6 Replies Latest reply on Nov 16, 2013 3:51 PM by Jim_Simon

    Graphic Card Advice

    Shane P Level 3



      I was wondering you would share your opinion on what kind of performance boost you think I'd get by installing a Quadro 2000 or 4000. Now I know there are a thousand different variables that constitute render times such as system specs, sequence settings, effects, color, etc ,etc. But I was wondering if I gave you some basic info if you could give me your "best guess" as to what kind of boost I'd get.


      To borrow a quote from Dr McCoy from Star Trek 4 The Voyage Home... "Your best guess is better than most people's facts"




      Usually I render a typical HD sequence consisting of 1080p source MTS that gets rendered out to 720p for the web. A typical sequence just has some minor color correction using the fast color corrector and a psd on layer/track 2 with an alpha channel which is used as a watermark. In terms of complexity it's fairly simple.


      Now that being said when I run it through AME it takes approx 15 minutes to render 1 minute of video.


      My system is about 4 years old and is not at all beefy by today's HD standards...I know this.


      But I am looking into getting a Quadro 4000 or 2000 to decrease render times.


      In your "best guess"...how much render time do you think I might save on?


      Again...I know there are a multitude of variables that are taken into consideration. Just looking for some opinions as I{ have never purchased a high end GFX card before.


      Current Specs

      ASUSTeK Computer INC. P5QL PRO (LGA775)


      HP w2408 (1920x1200@59Hz)

      512MB GeForce 9400 GT (MSI)


      8.00 GB Dual-Channel DDR2 @ 332MHz (5-5-5-15)


      Intel Core 2 Quad Q6700  @ 2.66GHz    44 °C

      Kentsfield 65nm Technology


      ATAPI iHAS120   6 ATA Device

        • 1. Re: Graphic Card Advice
          tstormSierra Level 1

          Based on your specs, You might want to upgrade your computer first then get a geforce card 760 is probably a good choice. A Quadro would be bottlenecked by everything else in your set up (332MHZ RAM is sooooooooo slow)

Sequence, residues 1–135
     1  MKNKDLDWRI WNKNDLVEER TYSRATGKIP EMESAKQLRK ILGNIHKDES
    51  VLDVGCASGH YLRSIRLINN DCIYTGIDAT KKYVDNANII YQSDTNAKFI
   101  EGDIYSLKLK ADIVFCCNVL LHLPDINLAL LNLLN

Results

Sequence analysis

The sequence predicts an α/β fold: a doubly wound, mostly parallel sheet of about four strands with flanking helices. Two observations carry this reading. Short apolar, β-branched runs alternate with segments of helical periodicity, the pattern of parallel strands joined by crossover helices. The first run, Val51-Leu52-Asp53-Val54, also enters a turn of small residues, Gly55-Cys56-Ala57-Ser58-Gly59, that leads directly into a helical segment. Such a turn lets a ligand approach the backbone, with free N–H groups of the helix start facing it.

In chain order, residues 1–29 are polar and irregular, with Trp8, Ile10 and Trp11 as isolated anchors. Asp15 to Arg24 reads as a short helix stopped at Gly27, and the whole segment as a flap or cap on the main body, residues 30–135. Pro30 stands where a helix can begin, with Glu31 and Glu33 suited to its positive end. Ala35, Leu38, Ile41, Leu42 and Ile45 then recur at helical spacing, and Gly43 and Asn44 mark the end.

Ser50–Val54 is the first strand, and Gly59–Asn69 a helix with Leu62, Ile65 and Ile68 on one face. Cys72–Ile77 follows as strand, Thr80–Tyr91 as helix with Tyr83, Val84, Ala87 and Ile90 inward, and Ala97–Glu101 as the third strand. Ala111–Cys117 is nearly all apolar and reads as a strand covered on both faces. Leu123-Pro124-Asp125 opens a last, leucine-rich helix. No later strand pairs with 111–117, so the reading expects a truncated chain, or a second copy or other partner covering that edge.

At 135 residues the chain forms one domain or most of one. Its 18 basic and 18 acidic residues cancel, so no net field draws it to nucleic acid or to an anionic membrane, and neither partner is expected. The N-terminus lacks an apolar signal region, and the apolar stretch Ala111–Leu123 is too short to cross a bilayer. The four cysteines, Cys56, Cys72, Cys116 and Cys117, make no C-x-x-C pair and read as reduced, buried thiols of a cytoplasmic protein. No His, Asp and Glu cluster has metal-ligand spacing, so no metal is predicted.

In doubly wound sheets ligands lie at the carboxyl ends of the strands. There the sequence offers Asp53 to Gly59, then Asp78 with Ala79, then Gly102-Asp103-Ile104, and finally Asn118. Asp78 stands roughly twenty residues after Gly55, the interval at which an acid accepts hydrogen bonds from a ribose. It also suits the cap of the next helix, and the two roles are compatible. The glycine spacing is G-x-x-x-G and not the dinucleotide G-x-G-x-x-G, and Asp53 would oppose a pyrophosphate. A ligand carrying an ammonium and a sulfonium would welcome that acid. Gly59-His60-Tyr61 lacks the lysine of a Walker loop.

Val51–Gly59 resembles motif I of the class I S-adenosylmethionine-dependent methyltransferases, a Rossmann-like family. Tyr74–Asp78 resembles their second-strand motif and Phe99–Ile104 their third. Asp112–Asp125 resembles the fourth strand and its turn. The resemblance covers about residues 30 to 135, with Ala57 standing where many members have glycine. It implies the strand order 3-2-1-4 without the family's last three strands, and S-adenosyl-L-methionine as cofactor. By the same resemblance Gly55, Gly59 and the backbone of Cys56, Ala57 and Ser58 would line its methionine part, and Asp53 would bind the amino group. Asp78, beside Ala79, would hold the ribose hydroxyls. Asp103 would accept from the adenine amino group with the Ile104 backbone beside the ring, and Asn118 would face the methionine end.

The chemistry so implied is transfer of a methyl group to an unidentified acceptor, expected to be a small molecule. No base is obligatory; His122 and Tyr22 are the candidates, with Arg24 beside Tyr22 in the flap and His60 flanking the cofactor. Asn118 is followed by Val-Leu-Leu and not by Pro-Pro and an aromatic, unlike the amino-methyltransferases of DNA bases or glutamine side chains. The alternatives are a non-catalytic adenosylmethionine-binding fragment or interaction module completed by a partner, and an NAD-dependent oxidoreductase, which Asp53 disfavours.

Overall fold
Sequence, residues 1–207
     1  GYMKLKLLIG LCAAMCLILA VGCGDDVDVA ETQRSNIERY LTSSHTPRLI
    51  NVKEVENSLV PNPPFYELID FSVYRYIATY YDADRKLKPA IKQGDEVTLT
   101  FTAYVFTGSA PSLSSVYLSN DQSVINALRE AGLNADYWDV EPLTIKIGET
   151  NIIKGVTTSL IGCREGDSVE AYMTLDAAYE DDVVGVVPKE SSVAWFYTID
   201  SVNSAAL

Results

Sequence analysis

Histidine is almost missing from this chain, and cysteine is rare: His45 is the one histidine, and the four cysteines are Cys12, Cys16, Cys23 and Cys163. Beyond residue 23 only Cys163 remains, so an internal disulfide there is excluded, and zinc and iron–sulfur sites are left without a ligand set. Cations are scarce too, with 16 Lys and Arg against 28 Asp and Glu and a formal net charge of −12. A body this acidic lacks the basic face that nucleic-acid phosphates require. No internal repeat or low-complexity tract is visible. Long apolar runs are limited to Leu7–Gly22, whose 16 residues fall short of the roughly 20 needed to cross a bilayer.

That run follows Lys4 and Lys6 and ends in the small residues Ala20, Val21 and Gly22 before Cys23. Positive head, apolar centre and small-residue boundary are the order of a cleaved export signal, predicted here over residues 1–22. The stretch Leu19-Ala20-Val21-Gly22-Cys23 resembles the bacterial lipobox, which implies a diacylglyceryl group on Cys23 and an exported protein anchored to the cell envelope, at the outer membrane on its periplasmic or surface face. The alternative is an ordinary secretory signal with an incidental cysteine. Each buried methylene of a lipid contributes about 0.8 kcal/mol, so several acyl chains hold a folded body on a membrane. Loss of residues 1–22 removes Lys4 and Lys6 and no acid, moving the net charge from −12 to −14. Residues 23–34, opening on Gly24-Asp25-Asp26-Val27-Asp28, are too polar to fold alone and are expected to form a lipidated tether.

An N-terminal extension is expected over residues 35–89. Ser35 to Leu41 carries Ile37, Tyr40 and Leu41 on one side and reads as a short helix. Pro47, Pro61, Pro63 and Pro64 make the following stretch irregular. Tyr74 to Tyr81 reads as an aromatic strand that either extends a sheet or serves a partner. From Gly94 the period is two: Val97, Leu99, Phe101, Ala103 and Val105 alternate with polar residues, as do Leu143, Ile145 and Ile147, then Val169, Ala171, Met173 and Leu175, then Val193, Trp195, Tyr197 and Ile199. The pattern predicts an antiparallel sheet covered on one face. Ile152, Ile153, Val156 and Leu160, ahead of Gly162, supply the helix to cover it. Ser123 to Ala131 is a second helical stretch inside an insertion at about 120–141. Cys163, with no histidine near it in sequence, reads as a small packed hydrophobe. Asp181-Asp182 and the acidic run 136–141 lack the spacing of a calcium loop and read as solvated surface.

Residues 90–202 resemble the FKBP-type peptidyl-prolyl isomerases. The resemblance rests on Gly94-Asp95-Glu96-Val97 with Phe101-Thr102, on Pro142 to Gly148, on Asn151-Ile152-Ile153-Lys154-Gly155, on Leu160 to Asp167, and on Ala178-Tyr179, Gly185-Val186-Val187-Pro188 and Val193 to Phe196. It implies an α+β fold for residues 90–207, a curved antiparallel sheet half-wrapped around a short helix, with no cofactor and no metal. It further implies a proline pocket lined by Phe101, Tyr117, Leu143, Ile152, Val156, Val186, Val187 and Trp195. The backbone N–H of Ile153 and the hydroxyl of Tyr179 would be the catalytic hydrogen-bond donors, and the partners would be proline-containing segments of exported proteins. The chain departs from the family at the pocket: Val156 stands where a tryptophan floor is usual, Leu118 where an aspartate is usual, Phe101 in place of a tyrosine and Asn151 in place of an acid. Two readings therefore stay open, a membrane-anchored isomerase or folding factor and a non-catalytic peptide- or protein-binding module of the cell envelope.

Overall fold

• 2. Re: Graphic Card Advice
            RjL190365 Level 4

            I second tstormSierra. Any halfway decent discrete GPU would be seriously bottlenecked by that CPU and memory combination. I had a Q9450, and it was slower than even a dual-core Sandy Bridge i3, let alone an i7, in overall performance in Premiere Pro (all other components besides the CPU, motherboard and RAM were identical in both systems). The Q6700 would be even slower than the Q9450 due to its slower FSB speed and smaller L2 cache.


            Though to be fair, your current GPU does not have enough RAM to even enable MPE GPU acceleration at all: MPE GPU acceleration requires a minimum of 765MB of free, unused graphics RAM (this means that 768MB cards will not enable MPE GPU acceleration due to the fact that the Windows GUI itself consumes over 15MB of that graphics RAM). As a result, MPE is "permanently" locked to the software-only mode with such a card.


            If you absolutely need a new GPU, and plan on sticking with your current outdated CPU platform (or cannot afford to update to a much newer CPU platform) for the foreseeable future, don't go with a Quadro or any other GPU that costs more than $100: Quadros cost four times more money than their absolute performance justifies (for example, the Quadro 2000 is now obsolesced by the newer K2000; however, even when new, the Quadro 2000 is significantly slower than the GeForce GTS 450 that it was based on). As such, the GeForce GT 640 would be the highest GPU that I would go for in that rig (this while keeping things in balance). Otherwise, save up for a complete new rig.

            1 person found this helpful
            • 3. Re: Graphic Card Advice
              Shane P Level 3

              Thank you both for the responses.


              I have been stuck in MPE software only mode and I'n getting sick of it. I do weekly videos for a few websites and I just start rendering the day before. Up to this point it has "worked" for me. But I know have to change all of the graphics and re-render hours of HD footage which will takes weeks to render on my current Flintstone rig.


              I think for now I am just going to go with the GT 640 to help boost rendering a little then afther the Holidays I am just going to build a new box from the ground up.


              Thank you again for your responses and input.

              • 4. Re: Graphic Card Advice
                John T Smith Adobe Community Professional & MVP

                >rendering the day before


                Rendering is what you do to create temporary files for smoother timeline playback... Exporting is when you create a new file


                Which are you doing?


                Before you buy anything, read what a CUDA card does, and does not do

                http://blogs.adobe.com/premiereprotraining/2011/02/cuda-mercury-playback-engine-and-adobe- premiere-pro.html

                1 person found this helpful
                • 5. Re: Graphic Card Advice

                  Seeing as your issue is with encoding times, perhaps a dedicated hardware accelerator might direct your main concern? Just a thought.

                  I've been away for the past year or so, but am wondering if the Matrox Max cards might help you out in your quest for higher encode times..


                  Good luck.

                  • 6. Re: Graphic Card Advice
                    Jim_Simon Level 9

                    [Moved to Hardware forum.]